The action itself is varied. On the last BOLA card, there was a technical wrestling showdown between Chris Hero and Timothy Thatcher that saw them fighting over various arm and wrist holds; along with a “British-style” match between Zack Sabre Jr. and Marty Scurll; supplemented with a lucha libre aerialfest with Pentagon Jr, Fenix, Aerostar and Drago.

Add matches with an astounding array of striking from the likes of the aforementioned Chris Hero, Mike Bailey and Tommy End, big man power wrestling from the astoundingly agile Brian Cage and Drew Galloway, and you have a heady mix. PWG is also known for comedy; matches often degenerate into dance-offs, trash talk contests, and some of the funniest fan chants and interactions you’ll ever hear.

In the case of a 10 man tag match at the latest iteration of BOLA, an entire segment of the match was conducted in slow motion – everything from wrestlers, referees, commentary and even fans chanting was done in slow motion. It only came to an end when Mark Andrews and Andrew Everett looked at each other from across the ring and declared they couldn’t figure out how to do a shooting star press in slow motion, and thus ‘normality’ was resumed in time for the three count.

The comedy aspect could be off putting to some, but it’s not overdone, and the sheer quality and crispness of the workers involved offsets it in this writer’s mind. There were at least four matches at the recent BOLA that would be genuine contenders for Match Of The Year in my book.

Don’t think all of these accolades have gone unnoticed by the big guns either. The WWE sent Seth Rollins and William Regal to the latest batch of shows on a talent scouting mission and PWG regulars Rich Swann and Biff Busick are recent signings to NXT. They might not be the last to the WWE, and they definitely won’t be the last to find success in other promotions.

Lucha Underground, TNA and Jeff Jarrett’s fledgling Global Force Wrestling all have a hefty amount of talent that started in or are still working for PWG. Former Lucha Underground champion Prince Puma? Better known here as Ricochet. If you caught any of the recent GFW vs. TNA shenanigans, PWG regular Trevor Lee helped win the TNA tag titles as part of the GFW invasion. Confusing, I know, but that’s a whole different article!

Even New Japan are in on the act – The mainstays of the infamous Bullet Club are The Young Bucks, current defending PWG tag team champions, until the next face off with the inter gender team of Joey Ryan and Candice La Rae, anyway.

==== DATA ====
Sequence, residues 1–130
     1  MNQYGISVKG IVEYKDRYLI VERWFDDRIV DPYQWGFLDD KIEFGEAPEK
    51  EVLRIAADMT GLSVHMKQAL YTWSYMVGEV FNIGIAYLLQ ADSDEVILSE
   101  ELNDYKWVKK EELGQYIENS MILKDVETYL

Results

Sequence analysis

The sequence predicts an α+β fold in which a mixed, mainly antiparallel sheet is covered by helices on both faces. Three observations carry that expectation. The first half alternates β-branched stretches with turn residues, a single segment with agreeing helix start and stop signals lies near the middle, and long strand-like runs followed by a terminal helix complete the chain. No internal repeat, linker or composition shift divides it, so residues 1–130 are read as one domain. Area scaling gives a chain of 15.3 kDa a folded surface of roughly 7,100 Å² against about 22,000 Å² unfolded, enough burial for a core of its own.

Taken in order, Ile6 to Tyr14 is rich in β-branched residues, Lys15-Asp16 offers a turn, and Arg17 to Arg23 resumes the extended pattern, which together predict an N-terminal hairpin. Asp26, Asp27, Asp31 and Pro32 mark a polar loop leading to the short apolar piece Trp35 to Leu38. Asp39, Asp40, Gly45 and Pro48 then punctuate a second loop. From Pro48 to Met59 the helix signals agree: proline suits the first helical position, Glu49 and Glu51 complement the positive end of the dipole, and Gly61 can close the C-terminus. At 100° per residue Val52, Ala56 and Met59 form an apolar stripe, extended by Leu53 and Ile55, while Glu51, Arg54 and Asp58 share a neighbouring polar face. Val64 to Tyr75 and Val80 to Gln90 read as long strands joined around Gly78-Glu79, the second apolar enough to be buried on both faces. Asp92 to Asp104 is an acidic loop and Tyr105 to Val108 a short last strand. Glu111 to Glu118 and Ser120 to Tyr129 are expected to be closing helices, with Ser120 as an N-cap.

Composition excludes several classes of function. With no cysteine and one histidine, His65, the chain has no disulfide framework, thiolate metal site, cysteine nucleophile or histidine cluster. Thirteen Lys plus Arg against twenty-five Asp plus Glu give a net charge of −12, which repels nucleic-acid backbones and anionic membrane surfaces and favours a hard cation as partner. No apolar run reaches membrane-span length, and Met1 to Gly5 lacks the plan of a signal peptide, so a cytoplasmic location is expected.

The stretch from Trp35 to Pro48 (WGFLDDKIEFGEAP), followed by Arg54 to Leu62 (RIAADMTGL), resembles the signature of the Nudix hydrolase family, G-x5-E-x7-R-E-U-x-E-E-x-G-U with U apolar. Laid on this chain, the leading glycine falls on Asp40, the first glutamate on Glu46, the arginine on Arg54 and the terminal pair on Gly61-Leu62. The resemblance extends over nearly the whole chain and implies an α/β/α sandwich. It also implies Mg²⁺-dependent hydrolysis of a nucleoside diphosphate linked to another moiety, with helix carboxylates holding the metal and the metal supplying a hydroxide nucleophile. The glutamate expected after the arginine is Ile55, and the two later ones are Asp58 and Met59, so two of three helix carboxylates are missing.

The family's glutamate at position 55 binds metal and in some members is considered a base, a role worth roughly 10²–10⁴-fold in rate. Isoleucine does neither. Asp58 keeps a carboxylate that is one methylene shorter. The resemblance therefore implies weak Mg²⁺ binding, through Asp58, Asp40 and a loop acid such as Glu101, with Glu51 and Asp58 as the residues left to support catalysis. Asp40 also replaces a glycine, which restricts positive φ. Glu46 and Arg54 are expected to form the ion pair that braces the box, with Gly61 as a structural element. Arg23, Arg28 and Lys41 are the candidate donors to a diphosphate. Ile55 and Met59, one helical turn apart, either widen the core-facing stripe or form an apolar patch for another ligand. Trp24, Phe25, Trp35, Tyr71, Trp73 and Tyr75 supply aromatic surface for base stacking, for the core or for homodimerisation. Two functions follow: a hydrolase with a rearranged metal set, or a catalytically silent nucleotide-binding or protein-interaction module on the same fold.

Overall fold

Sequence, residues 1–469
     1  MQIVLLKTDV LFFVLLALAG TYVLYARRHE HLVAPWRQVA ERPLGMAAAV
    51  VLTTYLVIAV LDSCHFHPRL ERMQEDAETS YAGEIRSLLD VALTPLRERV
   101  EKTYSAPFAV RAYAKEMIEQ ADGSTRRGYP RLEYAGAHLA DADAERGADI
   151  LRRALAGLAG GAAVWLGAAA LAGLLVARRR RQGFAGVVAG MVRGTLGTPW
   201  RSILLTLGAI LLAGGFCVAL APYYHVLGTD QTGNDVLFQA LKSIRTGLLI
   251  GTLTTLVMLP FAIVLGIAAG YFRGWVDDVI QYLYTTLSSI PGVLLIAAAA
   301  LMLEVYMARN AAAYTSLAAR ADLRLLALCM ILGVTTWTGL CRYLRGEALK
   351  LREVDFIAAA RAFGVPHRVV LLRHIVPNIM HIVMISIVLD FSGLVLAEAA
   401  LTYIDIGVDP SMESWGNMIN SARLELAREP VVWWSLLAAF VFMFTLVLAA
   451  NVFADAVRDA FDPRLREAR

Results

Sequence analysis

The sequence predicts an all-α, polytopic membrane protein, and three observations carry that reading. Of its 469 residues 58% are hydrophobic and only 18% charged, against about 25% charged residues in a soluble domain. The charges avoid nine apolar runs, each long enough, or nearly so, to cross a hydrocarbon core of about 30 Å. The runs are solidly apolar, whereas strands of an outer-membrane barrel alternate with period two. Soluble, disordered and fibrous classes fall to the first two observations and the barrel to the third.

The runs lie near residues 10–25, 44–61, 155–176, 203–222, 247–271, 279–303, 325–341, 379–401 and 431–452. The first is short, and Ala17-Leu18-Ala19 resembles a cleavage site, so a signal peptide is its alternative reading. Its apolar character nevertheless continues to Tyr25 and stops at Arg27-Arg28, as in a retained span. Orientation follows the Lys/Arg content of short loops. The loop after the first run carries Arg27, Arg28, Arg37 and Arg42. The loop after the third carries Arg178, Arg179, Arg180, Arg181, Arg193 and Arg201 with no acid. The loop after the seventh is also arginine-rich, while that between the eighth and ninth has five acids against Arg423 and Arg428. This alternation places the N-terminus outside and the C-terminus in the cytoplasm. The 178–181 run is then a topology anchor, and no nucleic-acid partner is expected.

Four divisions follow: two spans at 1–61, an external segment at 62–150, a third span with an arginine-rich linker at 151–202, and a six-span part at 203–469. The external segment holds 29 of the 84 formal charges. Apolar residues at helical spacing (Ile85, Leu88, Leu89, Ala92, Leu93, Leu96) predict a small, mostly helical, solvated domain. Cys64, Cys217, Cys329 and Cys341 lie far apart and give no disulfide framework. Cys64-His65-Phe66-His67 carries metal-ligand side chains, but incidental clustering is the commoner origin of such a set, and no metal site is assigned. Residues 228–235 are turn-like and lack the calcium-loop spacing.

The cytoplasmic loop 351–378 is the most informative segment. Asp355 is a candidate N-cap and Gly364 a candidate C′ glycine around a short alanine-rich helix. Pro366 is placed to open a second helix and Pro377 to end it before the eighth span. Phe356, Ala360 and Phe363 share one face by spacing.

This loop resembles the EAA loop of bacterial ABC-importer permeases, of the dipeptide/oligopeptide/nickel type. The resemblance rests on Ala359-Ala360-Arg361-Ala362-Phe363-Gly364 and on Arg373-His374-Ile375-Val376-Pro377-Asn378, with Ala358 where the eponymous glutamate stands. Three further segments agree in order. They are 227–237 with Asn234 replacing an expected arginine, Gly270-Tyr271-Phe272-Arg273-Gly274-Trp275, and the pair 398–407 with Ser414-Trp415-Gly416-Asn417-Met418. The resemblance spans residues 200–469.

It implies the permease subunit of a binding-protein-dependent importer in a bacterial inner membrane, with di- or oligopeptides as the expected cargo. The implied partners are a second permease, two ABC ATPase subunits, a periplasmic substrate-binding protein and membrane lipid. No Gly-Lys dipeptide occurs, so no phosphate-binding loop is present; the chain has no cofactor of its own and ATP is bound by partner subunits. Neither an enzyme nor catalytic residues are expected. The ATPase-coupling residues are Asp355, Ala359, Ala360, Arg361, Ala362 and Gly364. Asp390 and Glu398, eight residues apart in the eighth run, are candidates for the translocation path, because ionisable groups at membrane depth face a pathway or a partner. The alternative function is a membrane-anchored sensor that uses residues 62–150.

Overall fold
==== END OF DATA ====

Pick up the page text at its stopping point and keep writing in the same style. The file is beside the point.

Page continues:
Yes, inter gender matches are common. And that’s no gimmick, PWG’s one regular female member of the roster is Candice La Rae and she might just be the toughest woman in wrestling right now. Along with PWG founder Joey Ryan, she has been tag champion as one half of ‘The World’s Cutest Tag Team’ and she not only hangs easily in the ring with the guys, she defeats them too, and it’s accepted as legitimate now, rather than a shock.

Even a double superkick to the face with thumbtack encrusted boots by the Young Bucks couldn’t defeat her in a Guerilla Warfare tag team match, Guerilla Warfare being the PWG version of No Holds Barred. Yes, thumbtack encrusted boots to the face of a woman!

Welcome to PWG – there are no “oh, we can’t do that!” moments in PWG. There are no limits, there are seemingly no egos at play. There are a LOT of “did they REALLY do that???” moments, however. Each match is different from the last, yet the fans buy into it instantly. Every one is welcome, everyone and everything is accepted… except Joey Ryan’s lollipop, but that’s another story.

Every man and woman on the roster seems to genuinely love the promotion and the fans feel it. The atmosphere at PWG shows shines through, even on a laptop screen, and that’s a big part of why so many wrestlers gravitate to this small promotion on the West Coast of the States.

WWE promotes NXT as the future of the WWE and therefore by association, the future of professional wrestling (or sports entertainment, if you will) and on some levels, they’re right. If you want to see an alternate take on the future, and get your eyes on some guys that will become the next generation of NXT stars, and perhaps even the next big stars of the whole business, then get yourself some PWG, sit back and prepare to have your mind blown.